Sept. 8, 2015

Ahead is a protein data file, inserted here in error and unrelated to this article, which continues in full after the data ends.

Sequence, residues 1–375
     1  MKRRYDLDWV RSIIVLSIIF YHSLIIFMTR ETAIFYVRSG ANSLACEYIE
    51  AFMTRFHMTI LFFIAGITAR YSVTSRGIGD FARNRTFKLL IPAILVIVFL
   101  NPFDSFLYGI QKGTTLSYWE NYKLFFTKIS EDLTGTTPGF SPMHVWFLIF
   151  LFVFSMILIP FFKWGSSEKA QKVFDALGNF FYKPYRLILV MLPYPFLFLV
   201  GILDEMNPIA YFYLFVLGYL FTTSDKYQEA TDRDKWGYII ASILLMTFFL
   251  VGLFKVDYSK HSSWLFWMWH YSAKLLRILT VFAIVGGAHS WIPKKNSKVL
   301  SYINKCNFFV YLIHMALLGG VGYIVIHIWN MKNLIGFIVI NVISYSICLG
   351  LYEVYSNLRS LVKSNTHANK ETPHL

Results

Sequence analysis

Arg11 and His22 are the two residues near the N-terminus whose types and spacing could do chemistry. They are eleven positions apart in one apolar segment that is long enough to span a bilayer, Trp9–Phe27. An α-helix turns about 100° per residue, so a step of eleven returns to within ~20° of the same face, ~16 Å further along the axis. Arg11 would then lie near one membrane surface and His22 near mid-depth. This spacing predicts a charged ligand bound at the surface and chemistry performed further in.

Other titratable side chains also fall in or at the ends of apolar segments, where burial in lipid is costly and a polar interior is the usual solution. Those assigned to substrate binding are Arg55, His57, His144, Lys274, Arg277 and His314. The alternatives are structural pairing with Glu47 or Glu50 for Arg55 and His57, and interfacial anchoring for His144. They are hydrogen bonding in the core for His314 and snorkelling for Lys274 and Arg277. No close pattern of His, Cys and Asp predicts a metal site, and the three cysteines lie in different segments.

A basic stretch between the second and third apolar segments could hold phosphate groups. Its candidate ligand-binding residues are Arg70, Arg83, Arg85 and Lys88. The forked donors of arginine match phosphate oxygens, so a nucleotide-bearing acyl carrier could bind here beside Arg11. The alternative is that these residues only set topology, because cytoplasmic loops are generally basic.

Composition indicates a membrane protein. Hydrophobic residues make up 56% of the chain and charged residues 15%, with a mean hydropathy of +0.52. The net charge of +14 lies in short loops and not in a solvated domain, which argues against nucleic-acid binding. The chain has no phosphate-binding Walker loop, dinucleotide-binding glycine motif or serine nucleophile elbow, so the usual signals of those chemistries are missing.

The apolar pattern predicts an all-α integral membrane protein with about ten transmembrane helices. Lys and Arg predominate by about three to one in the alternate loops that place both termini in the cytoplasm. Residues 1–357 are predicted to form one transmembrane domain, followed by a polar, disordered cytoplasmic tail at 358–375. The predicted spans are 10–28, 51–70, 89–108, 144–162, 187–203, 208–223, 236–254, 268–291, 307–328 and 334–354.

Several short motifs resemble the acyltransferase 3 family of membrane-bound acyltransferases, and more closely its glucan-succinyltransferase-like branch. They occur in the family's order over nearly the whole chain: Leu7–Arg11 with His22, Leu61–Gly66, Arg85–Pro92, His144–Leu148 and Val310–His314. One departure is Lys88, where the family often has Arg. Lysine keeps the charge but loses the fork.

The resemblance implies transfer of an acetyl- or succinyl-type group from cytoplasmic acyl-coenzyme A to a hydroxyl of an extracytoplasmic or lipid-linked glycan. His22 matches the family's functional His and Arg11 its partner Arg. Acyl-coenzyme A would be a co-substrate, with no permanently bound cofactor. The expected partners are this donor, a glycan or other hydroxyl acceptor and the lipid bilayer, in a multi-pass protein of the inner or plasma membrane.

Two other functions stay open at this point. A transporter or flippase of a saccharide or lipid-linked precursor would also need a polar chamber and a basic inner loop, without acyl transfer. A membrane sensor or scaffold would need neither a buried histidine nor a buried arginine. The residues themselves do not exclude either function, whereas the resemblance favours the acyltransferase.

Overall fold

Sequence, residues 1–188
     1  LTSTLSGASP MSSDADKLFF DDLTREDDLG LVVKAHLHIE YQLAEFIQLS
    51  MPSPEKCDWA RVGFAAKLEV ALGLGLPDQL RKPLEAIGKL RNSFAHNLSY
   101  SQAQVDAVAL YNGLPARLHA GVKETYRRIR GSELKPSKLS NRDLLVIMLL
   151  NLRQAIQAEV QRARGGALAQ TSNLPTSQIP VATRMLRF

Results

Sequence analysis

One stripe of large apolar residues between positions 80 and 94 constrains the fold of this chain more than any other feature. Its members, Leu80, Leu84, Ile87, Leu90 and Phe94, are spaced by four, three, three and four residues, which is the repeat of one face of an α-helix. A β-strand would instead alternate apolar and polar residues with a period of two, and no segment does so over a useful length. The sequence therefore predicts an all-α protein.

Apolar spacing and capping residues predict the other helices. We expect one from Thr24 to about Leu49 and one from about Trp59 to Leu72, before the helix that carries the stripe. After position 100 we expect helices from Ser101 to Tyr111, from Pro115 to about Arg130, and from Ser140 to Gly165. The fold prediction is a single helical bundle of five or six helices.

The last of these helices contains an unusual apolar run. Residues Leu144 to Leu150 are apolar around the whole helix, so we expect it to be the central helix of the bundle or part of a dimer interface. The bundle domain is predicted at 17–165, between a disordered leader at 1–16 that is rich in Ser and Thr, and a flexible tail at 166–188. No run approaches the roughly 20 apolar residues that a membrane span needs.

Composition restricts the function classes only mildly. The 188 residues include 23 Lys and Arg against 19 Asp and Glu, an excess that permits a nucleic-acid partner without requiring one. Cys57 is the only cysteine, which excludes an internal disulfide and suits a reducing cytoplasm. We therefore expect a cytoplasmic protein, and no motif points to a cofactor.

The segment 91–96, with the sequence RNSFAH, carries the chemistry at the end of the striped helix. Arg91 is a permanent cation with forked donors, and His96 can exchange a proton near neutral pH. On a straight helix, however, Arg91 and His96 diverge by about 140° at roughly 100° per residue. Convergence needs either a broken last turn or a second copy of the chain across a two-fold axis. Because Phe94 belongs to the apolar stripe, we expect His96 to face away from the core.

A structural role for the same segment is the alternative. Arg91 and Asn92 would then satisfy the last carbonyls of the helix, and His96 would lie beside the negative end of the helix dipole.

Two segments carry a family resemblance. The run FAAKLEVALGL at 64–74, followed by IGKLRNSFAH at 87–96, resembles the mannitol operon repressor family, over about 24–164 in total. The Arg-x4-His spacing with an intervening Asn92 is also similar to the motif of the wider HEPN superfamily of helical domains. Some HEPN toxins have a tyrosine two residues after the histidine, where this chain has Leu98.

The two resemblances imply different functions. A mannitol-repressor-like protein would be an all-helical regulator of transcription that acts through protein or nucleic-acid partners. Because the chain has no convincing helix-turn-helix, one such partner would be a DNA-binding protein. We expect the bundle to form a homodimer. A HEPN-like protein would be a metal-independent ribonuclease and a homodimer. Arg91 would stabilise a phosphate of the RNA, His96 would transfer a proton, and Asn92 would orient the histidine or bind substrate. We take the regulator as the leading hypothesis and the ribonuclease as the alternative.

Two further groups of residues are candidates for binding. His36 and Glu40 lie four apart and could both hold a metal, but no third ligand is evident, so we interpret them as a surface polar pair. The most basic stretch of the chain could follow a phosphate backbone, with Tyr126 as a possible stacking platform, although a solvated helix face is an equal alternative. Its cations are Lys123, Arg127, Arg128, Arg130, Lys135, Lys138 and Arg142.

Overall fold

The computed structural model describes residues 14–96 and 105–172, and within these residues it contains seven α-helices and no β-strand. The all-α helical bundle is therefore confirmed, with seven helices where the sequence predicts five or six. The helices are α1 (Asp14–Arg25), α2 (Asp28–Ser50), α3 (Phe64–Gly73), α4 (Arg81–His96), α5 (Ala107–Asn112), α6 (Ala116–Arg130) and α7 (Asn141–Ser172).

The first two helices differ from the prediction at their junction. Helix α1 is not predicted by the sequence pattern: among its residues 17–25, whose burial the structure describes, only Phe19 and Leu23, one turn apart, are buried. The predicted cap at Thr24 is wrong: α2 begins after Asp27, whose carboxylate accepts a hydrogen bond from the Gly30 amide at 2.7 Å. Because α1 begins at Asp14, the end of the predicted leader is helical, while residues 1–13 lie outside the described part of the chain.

The week after he was convicted of the hate murders of three people he mistakenly thought were Jews, a jury recommended the death penalty for Frazier Glenn Miller, a long-time white supremacist and former Klan leader. The recommendation capped an 11-day trial in which Miller represented himself, spent most of his time in court trying to justify his hatred of Jews, and ended his final presentation to the jury by shouting “Sieg Heil” and giving a Nazi salute. In April 2014, Miller used a shotgun to murder retired physician William Corporon, 69, and his grandson, Reat Underwood, 14, outside the Jewish Community Center in Overland Park, Kan. He then drove to the nearby Village Shalom retirement home, where he shot dead Terri LaManno, 35. Miller — who asked police immediately after his arrest, “How many did I get?” — showed no remorse throughout the trial, even telling jurors at one point: “I hate Jews. I thrive on hate. Hate gets me through my day.” Miller had been active in the white supremacist movement for decades, heading up at various times the Carolina Knights of the Ku Klux Klan and the White Patriot Party, and serving time on weapons charges. Sentencing was scheduled for Nov. 10.